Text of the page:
He does share a story that played out played out nightly during those ’70s stadium shows–and presents a rarely-seen side of Mick Jagger. In those days, Fitzgerald explained, concert-goers in wheelchairs were all grouped together in an elevated section: “When the lights go off, the kids jump down and all run down on to the floor, to get closer to the stage. And you really can’t have the wheelchair people down low, because they’d get bumped out of their chairs, you’re behind a barricade and you can’t protect them.”

Still, while this arrangement was required by venues and concert promoters to ensure safety, The Stones’ camp didn’t like the way it isolated this group of fans.

“So every show, all the years I worked,” Fitzgerald remembered, “Jagger would always say ‘Where are they?’ I’d say, section 323.’ He’d say ‘How many chairs?’ I’d say ’23 chairs.’ And so I’d run him through the guts of the place, put a hood on him or a towel, and sneak him up to the place to where the kids were. He wouldn’t be able to stay and talk to them; well sometimes he would, but I would get 23 cassette tapes and 23 t-shirts if there were 23 chairs.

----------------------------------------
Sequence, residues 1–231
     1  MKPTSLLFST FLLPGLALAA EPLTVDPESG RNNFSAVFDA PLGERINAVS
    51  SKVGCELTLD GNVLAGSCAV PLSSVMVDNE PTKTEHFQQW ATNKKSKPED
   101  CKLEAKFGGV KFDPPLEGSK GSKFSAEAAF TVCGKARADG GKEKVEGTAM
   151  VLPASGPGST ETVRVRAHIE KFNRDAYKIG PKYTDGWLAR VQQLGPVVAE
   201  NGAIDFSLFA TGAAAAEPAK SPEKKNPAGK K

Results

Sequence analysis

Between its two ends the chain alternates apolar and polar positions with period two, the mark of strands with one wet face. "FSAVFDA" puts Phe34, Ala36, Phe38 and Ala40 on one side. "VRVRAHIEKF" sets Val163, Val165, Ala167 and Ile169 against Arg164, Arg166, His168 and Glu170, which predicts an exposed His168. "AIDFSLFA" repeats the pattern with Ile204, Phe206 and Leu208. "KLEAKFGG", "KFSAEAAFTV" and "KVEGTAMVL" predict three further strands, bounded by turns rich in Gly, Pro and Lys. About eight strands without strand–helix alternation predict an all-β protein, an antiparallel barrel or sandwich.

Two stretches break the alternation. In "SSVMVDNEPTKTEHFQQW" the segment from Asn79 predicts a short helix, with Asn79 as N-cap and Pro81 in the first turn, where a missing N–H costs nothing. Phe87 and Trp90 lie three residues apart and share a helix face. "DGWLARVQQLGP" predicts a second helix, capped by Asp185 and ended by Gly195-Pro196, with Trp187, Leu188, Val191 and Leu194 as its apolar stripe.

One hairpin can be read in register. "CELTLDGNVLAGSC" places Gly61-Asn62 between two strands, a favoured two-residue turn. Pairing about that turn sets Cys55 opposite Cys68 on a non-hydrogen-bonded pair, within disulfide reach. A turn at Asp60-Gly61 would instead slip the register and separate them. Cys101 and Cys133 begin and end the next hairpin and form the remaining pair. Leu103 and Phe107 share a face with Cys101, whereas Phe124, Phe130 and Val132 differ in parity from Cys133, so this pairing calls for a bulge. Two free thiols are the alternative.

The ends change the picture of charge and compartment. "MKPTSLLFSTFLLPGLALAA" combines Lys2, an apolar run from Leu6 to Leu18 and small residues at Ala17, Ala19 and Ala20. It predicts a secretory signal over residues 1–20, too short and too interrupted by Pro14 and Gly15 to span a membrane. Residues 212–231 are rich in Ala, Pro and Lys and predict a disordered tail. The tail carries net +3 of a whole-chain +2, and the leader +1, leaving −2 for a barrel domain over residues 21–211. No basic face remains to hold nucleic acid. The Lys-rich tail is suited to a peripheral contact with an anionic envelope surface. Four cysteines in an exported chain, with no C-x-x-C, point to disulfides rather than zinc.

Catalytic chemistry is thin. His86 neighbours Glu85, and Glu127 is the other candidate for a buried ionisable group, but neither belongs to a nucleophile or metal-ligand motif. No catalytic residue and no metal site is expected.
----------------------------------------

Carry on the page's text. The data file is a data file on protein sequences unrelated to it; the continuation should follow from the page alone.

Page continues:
“And he’d run down and put a t-shirt and a cassette tape on everybody’s lap, and say ‘Thanks for coming.’ He didn’t do it as a photo op. He didn’t do it and tell anybody. He just did it. When we were walking back he’d say, ‘Did you ever think of it? How come? You have this big body, you get to bounce for us, I get to sing and dance. Why aren’t we in chairs?’

“He said “We must never forget how lucky we are.’ Here’s this guy who had such a gifted and charmed life, but he didn’t forget.”

You could argue that Fitzgerald’s lived a gifted and charmed life, too.

Because if you were a patient of his–well, technically, if your pet was a patient of his–even if you’d heard all the Stones stories, or imposed an embargo on those, Fitzgerald would still have plenty of distinctive yarns he could spin, especially compared with most veterinarians. For starters, if you were in his office at Alameda East Veterinary Hospital, it’s possible you’d know that he starred in Emergency Vets, the long-running reality series that aired on Animal Planet, and was filmed at Alameda East. The hospital was also the site of a follow-up Animal Planet series featuring Fitzgerald, E-Vet Interns.